Exploration of life in the region before the construction of the Wall, the arrival of the Roman army and its impact on the local population.

Consideration of the different features of the Wall and its surroundings, and the way in which the frontier system evolved throughout the Roman period.

Investigation of the Roman army and indigenous populations through archaeological finds and reconstructions.

Examination of homes, dress, diet, rituals and religious beliefs, to appreciate the range and character of native people, soldiers’ families, slaves, merchants and migrants along the wall.

Interpretation of archaeological evidence, considering:

  • the factors that determine the survival of evidence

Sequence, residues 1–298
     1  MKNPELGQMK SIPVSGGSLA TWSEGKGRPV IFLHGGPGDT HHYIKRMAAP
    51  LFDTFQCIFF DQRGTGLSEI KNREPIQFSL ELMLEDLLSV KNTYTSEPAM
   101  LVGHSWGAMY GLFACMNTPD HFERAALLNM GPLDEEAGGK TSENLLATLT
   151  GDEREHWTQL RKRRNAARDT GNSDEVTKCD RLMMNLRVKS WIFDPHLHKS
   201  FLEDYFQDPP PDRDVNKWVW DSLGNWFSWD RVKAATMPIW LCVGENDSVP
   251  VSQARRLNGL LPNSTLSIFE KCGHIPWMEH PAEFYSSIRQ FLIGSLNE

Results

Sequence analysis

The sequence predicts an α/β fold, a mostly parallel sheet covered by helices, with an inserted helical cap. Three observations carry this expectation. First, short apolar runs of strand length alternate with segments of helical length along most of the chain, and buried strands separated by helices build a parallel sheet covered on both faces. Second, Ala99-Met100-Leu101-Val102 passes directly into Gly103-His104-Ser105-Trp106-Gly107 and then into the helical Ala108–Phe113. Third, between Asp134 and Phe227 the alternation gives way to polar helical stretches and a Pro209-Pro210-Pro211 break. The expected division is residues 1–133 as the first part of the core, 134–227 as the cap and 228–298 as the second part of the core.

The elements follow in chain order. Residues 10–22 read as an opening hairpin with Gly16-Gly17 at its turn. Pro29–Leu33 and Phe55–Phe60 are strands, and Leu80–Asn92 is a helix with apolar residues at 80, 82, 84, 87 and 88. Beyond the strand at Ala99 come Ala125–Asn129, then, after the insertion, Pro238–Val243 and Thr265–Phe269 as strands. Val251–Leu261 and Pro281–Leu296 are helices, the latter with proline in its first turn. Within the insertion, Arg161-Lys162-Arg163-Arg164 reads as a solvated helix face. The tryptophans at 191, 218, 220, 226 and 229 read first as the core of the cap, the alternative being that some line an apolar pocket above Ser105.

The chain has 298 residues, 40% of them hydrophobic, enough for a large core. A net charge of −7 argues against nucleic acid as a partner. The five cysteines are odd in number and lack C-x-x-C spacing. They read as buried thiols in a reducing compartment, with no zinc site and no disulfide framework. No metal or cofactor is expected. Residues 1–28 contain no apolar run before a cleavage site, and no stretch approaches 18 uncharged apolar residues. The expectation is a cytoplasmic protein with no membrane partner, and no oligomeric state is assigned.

• the different methods of archaeological prospection used to detect settlement locations and better understand their organisation
  • the planning of archaeological projects
  • excavation techniques
  • and the detailed study of structures and artefacts.

When would you like to start?

  • Date to be announced

What will you achieve?

  • Explore the archaeological skills and methods used to uncover the story of Hadrian’s Wall and its people
  • Interpret key ancient texts related to Hadrian’s Wall
  • Describe the diverse soldiers and civilians who lived along Hadrian’s Wall
  • Investigate the architecture and changing uses of the many different buildings which made up the Hadrian’s Wall system